Caught in a Debt Trap
Lord Adair Turner explored the UK's economic situation during his annual address
Adair Turner, the former Chairman of the UK Financial Services Authority (FSA), has warned that the world is caught in a ‘debt overhang’ during his annual lecture at Cass Business School.
Lord Turner argued that policy makers and commentators have systematically failed to understand how deep deflationary pressures are. He said this pressure is caused by two things; the first he called debt overhang and deleveraging; and the second, long term secular trends.
“The fundamental reason why we had such a huge crisis in 2008 and, in particular, why the recovery from it has been so slow and difficult is the growth of private sector debt in the advanced economies as a percent of GDP. That percentage in 1950 was 50% and it rose relentlessly to reach 170% by 2008”.
Since 2008, there has been no aggregate deleveraging at all, explained Lord Turner. On a macro-economic level, this refers to the simultaneous reduction of debt levels in multiple sectors, including private sectors and the government sector.
Instead, he argued, debt has simply shifted from the private to the public sector and across the world from developed to developing countries, in particular China.
Lord Turner said: “We are caught in a debt overhang from which there will be no escape without some mix of default, debt restructuring or permanent monetisation”.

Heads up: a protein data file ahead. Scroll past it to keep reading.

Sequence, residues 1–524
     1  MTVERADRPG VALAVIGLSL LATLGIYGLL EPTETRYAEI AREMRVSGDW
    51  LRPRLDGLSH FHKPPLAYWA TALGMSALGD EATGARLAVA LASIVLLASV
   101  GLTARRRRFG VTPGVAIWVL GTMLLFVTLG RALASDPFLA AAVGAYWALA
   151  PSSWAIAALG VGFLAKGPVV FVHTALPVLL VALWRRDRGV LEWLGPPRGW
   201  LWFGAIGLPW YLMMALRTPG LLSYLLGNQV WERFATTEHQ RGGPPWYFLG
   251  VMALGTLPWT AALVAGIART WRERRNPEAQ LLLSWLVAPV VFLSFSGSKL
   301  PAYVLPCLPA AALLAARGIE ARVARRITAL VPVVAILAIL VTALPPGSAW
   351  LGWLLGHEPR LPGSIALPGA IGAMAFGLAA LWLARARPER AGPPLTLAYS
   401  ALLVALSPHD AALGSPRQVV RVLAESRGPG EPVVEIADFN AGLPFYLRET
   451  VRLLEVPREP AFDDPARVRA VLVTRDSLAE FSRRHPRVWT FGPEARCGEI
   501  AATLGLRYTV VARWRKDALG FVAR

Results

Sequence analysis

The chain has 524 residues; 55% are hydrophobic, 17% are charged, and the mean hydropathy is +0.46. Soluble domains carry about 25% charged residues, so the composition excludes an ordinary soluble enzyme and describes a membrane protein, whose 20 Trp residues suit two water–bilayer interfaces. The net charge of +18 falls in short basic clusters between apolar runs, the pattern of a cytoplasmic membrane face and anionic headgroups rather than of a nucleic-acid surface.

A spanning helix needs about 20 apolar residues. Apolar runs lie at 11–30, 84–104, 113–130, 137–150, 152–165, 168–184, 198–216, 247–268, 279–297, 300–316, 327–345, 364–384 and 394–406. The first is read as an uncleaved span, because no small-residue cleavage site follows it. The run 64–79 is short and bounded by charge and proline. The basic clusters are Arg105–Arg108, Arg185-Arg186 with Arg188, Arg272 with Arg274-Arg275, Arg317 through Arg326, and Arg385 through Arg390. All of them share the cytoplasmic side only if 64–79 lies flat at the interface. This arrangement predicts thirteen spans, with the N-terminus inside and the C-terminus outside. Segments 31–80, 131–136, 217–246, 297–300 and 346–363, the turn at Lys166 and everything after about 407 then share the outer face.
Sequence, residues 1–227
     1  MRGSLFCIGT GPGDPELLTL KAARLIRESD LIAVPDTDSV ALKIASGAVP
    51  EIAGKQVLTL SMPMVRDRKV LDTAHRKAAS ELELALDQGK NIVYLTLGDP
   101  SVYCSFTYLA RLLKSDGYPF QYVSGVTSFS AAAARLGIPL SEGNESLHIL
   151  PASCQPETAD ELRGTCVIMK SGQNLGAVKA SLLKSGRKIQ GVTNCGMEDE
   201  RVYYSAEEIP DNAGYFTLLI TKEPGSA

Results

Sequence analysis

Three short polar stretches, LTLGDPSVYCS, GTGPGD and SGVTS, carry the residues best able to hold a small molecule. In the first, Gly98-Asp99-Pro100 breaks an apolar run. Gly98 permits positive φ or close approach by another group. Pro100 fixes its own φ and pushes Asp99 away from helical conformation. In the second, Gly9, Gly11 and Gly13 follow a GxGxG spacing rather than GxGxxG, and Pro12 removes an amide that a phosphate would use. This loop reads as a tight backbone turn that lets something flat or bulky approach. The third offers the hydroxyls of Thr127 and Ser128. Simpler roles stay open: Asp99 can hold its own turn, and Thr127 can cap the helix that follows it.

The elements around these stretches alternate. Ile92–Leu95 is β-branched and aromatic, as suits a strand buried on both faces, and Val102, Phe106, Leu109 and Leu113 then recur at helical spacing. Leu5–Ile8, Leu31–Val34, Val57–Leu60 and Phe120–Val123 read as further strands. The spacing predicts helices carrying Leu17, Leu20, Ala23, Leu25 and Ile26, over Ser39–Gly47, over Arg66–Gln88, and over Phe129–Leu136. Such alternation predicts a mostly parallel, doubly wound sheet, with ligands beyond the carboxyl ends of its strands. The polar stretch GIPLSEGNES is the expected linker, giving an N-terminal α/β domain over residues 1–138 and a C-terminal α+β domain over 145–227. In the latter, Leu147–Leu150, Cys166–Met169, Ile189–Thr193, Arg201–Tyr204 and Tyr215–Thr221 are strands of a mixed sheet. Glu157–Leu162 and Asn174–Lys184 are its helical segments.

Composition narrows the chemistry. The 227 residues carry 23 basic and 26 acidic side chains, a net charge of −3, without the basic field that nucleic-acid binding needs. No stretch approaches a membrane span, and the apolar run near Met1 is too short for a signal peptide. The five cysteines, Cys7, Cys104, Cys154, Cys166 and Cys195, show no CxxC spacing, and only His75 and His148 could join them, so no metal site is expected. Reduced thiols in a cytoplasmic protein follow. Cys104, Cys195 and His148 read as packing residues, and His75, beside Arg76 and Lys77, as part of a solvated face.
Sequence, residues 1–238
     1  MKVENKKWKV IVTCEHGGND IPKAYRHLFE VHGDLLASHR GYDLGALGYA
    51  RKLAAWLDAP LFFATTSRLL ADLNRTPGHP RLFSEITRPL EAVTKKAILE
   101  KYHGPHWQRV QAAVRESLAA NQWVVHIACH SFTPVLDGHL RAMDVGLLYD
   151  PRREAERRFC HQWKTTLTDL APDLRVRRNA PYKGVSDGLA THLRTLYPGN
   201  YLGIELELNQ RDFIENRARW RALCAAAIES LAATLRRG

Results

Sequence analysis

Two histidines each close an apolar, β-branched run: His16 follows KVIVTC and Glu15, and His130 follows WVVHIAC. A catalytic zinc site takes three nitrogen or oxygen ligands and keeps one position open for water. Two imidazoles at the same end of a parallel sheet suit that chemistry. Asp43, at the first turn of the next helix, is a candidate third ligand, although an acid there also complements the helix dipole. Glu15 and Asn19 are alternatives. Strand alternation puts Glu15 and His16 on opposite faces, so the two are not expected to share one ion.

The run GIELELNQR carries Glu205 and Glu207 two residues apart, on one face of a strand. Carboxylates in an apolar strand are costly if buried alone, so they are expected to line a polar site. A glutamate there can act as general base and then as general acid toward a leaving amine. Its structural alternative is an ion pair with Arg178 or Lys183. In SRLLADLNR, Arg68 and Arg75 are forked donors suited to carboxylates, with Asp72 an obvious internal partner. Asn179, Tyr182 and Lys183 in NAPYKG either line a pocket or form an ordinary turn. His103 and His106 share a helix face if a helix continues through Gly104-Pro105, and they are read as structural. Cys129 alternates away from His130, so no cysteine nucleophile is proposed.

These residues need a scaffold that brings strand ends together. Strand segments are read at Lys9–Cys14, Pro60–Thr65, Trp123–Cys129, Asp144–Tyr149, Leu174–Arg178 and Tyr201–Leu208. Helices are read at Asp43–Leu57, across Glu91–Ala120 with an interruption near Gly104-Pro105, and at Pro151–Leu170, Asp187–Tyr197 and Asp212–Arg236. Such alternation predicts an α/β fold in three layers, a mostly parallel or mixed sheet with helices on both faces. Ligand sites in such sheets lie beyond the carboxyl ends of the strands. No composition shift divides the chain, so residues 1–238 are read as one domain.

The full lecture is available to watch on our YouTube channel.
Adair Turner has combined careers in business, public policy and academia. He became Chairman of the UK Financial Services Authority as the financial crisis broke in September 2008, and played a leading role in the redesign of the global banking and shadow banking regulation as Chairman of the International Financial Stability Board's major policy committee.
Lord Turner is now a Senior Fellow of the Institute for New Economic Thinking, a global economic research foundation committed to the development of real world solutions to the economic and social challenges of the 21st century.
His new book “Between Debt and the Devil - credit, money and fixing global finance" will be published by Princeton Press in September 2015.